Switzerland's president expressed regret Friday that his country failed to use diplomatic channels to stop the Nazis from executing a Swiss theology student who tried to assassinate Adolf Hitler 70 years ago.
Student Maurice Bavaud, 25, who was from the western Swiss town of Neuchatel, was executed in Berlin's notorious Ploetzensee prison after failing in his attempt to shoot Hitler at a Nazi parade in Munich on Nov. 9, 1938.
By coincidence, Bavaud made his attempt just hours before Kristallnacht, or the Night of Broken Glass, when Nazis destroyed synagogues and Jewish businesses across Germany and Austria.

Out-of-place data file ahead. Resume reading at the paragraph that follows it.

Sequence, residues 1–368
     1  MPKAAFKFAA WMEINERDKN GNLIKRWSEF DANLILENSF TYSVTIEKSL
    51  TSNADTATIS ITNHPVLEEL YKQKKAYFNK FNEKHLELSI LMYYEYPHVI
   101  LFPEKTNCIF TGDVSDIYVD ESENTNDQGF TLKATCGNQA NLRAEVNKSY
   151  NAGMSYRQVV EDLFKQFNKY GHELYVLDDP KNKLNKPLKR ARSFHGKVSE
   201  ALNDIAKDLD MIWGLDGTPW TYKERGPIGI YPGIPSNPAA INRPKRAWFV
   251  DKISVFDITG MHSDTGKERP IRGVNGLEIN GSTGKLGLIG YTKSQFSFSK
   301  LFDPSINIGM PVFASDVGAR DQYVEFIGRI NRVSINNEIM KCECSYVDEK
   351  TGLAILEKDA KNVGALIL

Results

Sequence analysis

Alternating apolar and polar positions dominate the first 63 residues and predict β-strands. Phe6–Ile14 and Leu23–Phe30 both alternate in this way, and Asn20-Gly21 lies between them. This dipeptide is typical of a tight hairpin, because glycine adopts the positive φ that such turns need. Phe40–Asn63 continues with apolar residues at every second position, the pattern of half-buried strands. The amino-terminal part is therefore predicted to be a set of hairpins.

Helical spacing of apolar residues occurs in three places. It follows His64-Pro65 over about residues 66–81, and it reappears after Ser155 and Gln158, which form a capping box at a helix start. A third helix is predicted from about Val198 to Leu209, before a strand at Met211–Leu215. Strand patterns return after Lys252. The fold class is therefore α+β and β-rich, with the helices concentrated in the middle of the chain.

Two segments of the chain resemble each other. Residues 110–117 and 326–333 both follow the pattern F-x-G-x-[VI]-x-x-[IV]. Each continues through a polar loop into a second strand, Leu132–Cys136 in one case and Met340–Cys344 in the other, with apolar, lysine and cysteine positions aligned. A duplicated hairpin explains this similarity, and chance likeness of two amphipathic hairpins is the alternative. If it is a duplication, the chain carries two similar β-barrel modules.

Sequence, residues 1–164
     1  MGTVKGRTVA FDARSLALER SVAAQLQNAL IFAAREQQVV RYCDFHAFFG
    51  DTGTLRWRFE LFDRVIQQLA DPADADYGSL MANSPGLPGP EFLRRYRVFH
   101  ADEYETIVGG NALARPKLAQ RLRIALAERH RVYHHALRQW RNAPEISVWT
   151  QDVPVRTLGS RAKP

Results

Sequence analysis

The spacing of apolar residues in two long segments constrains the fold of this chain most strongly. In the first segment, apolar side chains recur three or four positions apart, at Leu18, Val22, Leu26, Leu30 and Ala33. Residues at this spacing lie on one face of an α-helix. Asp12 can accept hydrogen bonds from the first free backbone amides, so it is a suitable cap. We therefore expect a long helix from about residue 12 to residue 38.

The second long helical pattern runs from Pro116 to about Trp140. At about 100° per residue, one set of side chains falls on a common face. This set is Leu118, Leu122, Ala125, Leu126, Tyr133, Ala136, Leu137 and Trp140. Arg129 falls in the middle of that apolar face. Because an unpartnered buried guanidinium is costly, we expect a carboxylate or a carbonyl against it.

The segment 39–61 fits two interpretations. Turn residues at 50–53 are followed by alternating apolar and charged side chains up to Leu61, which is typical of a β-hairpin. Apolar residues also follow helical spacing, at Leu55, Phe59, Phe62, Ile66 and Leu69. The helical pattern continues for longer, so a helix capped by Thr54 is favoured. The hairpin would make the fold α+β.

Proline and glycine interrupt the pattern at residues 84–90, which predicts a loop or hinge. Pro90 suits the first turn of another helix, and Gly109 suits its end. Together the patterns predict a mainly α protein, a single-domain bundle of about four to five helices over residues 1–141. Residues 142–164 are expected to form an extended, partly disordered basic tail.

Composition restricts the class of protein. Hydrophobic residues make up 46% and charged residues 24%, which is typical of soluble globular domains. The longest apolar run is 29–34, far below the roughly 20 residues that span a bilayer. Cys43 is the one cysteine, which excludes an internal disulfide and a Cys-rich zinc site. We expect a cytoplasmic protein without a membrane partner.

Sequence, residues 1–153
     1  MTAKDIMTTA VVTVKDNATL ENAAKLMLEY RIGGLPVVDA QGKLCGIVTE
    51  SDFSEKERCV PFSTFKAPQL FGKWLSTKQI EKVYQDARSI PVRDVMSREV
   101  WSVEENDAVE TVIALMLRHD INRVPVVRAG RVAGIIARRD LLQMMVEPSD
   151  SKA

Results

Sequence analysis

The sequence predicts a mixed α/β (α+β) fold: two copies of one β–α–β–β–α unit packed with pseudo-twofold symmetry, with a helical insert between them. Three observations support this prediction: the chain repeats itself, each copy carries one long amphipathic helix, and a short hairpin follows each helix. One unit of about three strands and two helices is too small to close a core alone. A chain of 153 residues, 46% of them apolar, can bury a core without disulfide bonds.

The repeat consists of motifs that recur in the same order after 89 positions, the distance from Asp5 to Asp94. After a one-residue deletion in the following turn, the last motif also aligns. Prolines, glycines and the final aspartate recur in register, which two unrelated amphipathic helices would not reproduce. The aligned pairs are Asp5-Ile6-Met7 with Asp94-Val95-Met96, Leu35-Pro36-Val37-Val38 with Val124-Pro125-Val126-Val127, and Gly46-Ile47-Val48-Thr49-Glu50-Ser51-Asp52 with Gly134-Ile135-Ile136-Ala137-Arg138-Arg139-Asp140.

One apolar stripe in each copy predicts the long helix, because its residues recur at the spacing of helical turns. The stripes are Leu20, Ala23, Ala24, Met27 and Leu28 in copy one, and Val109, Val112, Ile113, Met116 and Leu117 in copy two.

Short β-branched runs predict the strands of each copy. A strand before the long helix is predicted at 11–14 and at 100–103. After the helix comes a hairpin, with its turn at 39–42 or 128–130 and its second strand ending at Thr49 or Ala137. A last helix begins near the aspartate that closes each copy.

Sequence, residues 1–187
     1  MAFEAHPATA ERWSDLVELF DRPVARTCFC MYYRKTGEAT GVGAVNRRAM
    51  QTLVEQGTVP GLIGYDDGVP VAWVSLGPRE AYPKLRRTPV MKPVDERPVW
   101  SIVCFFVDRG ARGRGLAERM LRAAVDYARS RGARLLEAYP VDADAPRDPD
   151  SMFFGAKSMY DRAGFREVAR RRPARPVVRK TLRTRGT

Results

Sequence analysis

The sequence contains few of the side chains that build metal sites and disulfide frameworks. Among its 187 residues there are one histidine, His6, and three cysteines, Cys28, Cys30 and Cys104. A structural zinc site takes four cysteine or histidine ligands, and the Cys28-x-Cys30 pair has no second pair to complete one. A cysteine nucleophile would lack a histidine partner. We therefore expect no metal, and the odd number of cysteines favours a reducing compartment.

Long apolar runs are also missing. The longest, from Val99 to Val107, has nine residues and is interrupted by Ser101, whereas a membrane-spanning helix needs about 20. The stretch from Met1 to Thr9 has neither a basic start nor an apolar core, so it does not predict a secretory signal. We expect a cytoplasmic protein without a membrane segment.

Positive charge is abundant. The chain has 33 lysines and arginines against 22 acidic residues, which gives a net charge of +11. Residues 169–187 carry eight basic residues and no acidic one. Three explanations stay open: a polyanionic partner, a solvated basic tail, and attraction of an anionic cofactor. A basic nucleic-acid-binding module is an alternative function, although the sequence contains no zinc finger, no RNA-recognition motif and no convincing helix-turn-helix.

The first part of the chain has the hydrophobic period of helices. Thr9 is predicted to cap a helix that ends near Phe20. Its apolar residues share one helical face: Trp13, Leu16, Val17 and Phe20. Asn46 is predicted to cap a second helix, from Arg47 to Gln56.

"He seems to have anticipated the doom that Hitler would bring to the whole world," President Pascal Couchepin said in a statement posted on his official Web site. "For this he deserves our remembrance and recognition."
Bavaud, who regarded the Nazi leader as a danger to Switzerland, Christianity and all of humanity, was arrested several days after his failed assassination attempt and tortured into confessing his plans to the Gestapo, the secret police.
Switzerland, which followed a policy of neutrality toward Germany before and during World War II, failed to intervene on Bavaud's behalf, and he was guillotined in May 1941.
Bavaud's story is little known outside Switzerland, unlike the so-called Stauffenberg plot in which a group of German officers tried to kill Hitler on July 20, 1944, almost six years after Bavaud's failed attempt. That plot is the basis for an upcoming Tom Cruise film, "Valkyrie," in which the American actor plays the plot leader.